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Dollar Catches Modest Bid but Weakness to Resume

  • Geopolitical tensions have risen after US officials accused Russia and Iran of meddling in the elections; the dollar has caught a modest bid today
  • Stimulus talks continue; Pelosi warned that a deal may not come together before the November 3 election; whether Republican Senators change their minds after the elections depends on the outcome
  • Measures of cross-asset volatility suggest a far too generous interpretation of the odds for a clean Democratic sweep; KC Fed survey and weekly jobless claims will be reported; Mexico reports mid-October CPI
  • The UK has agreed to come back to the Brexit negotiating table; Israel is expected to keep rates at 0.10%; Turkey is expected to hike rates 175 bp
  • Japan reported weak September department store sales; LDP tax chief Amari said the government will put together a third supplementary budget this year; China is preparing a possible administrative measure to allow greater capital outflows

Geopolitical tensions have risen after US officials accused Russia and Iran of meddling in the elections. According the intelligence officials, both countries obtained US voter registration information and are attempting to “cause confusion, sow chaos, and undermine” confidence in the democratic process.

The dollar has caught a modest bid today.  DXY traded yesterday at the lowest level since September 2 but has gotten some traction today with the return of some risk-off sentiment. When the dust settles, we think the broad weak dollar trend will remain intact and DXY remains on track to test the low for the cycle near 91.746 from September 1.  The euro is holding above $1.18 while sterling is holding above $1.31. It appears USD/JPY is in a new trading range after breaking below its previous 105-106 trading range and should eventually test its cycle low near 104 from September 21.


Stimulus talks continue. White House Chief of Staff Meadows said Wednesday morning that the goal in talks with House Speaker Pelosi was to get a deal done within 48 hours, which means Friday. Talks will reportedly continue today to narrow the differences. Yet we can’t help thinking that this will all be for naught.

Indeed, Pelosi warned that a deal may not come together before the November 3 election. She added that Senate Majority Leader McConnell “might not mind doing it after the election.”  White House economic advisor Kudlow also chimed in, noting that if a vote on a compromise bill had to wait until after the election, announcing a deal beforehand would still be “very helpful to the economy and markets.”

Whether Republican Senators change their minds after the elections depends on the outcome. If Biden wins, the Republicans have no political incentive to pass a large package as that would only help him when he takes over. If Trump wins, the Republicans would have more incentive to pass a large package in order to help him kick off his second term. That said, it would seem Senate Republicans have placed their election bets. Senior Senators Blunt, Grassley, Thune, and Cornyn have all downplayed this notion. After meeting with Republican Senators, White House Chief of Staff admitted that “I don’t think our chances get better after election.”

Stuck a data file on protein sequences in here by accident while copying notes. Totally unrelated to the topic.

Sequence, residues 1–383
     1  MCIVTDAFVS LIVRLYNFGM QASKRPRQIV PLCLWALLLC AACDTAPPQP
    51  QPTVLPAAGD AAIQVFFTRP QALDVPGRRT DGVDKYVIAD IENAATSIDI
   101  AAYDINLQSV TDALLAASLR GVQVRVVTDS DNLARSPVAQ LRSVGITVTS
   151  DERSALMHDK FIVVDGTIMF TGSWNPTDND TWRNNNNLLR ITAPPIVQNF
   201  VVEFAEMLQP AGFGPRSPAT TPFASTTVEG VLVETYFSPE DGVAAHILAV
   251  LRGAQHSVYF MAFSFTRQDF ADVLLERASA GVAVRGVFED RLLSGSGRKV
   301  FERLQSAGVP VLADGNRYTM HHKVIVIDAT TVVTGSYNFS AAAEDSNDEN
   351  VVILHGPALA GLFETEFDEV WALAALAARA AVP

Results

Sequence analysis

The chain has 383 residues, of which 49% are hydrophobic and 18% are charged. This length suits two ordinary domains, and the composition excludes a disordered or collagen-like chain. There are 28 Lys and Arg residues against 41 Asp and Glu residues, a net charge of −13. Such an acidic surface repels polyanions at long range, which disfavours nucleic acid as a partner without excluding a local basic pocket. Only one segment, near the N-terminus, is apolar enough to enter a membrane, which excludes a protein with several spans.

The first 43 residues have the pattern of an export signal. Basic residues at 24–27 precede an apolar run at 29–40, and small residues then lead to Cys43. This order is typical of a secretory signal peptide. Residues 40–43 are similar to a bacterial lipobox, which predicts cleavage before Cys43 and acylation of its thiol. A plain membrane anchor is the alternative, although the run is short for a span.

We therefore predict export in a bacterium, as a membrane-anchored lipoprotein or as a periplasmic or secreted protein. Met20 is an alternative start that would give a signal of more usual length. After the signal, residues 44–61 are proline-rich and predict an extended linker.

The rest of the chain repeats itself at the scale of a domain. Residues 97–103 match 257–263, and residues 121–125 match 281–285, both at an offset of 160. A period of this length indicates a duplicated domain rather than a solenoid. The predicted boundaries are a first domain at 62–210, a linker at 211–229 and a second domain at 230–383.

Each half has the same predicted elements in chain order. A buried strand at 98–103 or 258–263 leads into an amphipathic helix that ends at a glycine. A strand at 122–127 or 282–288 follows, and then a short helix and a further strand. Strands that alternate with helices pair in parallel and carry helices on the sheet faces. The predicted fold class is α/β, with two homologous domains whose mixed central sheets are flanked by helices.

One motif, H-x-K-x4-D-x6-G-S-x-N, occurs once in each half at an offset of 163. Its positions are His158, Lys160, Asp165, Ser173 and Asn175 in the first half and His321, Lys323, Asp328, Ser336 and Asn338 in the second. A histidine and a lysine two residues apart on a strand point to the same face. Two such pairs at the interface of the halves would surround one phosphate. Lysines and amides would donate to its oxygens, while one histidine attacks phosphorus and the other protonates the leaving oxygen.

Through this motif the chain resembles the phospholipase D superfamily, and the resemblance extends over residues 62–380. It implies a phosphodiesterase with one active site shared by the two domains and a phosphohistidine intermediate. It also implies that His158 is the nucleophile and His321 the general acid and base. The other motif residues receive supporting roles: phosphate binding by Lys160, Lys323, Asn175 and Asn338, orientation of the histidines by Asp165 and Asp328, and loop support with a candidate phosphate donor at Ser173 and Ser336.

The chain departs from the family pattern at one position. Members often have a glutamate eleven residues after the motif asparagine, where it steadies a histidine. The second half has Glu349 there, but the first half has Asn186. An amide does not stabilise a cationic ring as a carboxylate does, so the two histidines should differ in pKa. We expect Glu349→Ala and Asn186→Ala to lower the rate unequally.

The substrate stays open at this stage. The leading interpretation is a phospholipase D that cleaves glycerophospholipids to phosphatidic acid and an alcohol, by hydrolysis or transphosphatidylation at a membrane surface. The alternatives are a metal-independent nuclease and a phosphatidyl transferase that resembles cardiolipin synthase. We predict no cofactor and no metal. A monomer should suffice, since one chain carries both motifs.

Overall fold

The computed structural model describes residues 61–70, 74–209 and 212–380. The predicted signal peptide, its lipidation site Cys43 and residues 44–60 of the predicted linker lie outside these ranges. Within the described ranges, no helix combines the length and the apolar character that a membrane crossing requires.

Measures of cross-asset volatility suggest a far too generous interpretation of the odds for a clean Democratic sweep. To see why, we imagine the combined probability of (a) a surprise Trump victory, and/or (b) a surprise Republican Senate win, and/or (c) a shock event in next two weeks that shifts the odds, and/or (d) a disputed election outcome. Any of these – let alone a combination of them – could send equity, FX and fixed income markets into a tailspin. Yet with 12 days until the elections, equity market implied volatility (VIX and V2X) have seen only a gentle increase, remaining well within the range of the last several months. The same goes for broad FX vol indices, with the interesting twist that EM implied vol continues to decline. The most notable move has been in US fixed income (MOVE index), with a small upward shift earlier in the month when Biden pulled ahead in the polls. We wouldn’t go as far as saying markets are being complacent, but insurance does look cheap right now considering the magnitude of the risk event ahead of us.

The Fed released its Beige Book report. It was prepared for the upcoming FOMC meeting November 4 and 5 and was based on information collected through October 9. The tone was fairly upbeat, noting that “Economic activity continued to increase across all districts, with the pace of growth characterized as slight to modest in most districts.” However, it added that “Districts characterized the outlooks of contacts as generally optimistic or positive, but with a considerable degree of uncertainty.” Since the September 16 FOMC decision, the labor market has stalled out and the economy has lost more momentum and so we had expected a more sober tone in this Beige Book. That said, it’s clear that the Fed recognizes the high degree of uncertainty going forward.

Still, we do not think that the report will dissuade anyone that is expecting steady policy from the Fed at this meeting, including us.

Yesterday, Fed Governor Quarles said he expects the Fed to discuss bond buying at their coming meetings. To us, this is clearly dovish. If the Fed is going to discuss QE, it will be in the context of more, not less. We think it will ultimately depend in large part on the size and timing of fiscal stimulus. No stimulus deal means no QE increase, while a big stimulus deal means QE will likely see a big increase. Barkin and Kaplan speak today.

Fed manufacturing surveys for October will continue to roll out.  Kansas City Fed index is expected to remain steady at 11. Last week, Empire survey came in at 14.0 vs. 17.0 in September while the Philly Fed came in at 14.8 vs. 15.0 in September.  Tomorrow’s preliminary October Markit PMI should give a better read of the national manufacturing outlook, with a slight improvement to 53.5 expected. Elsewhere, September existing home sales and leading index will be reported and expected to rise 5.0% m/m and 0.6% m/m, respectively.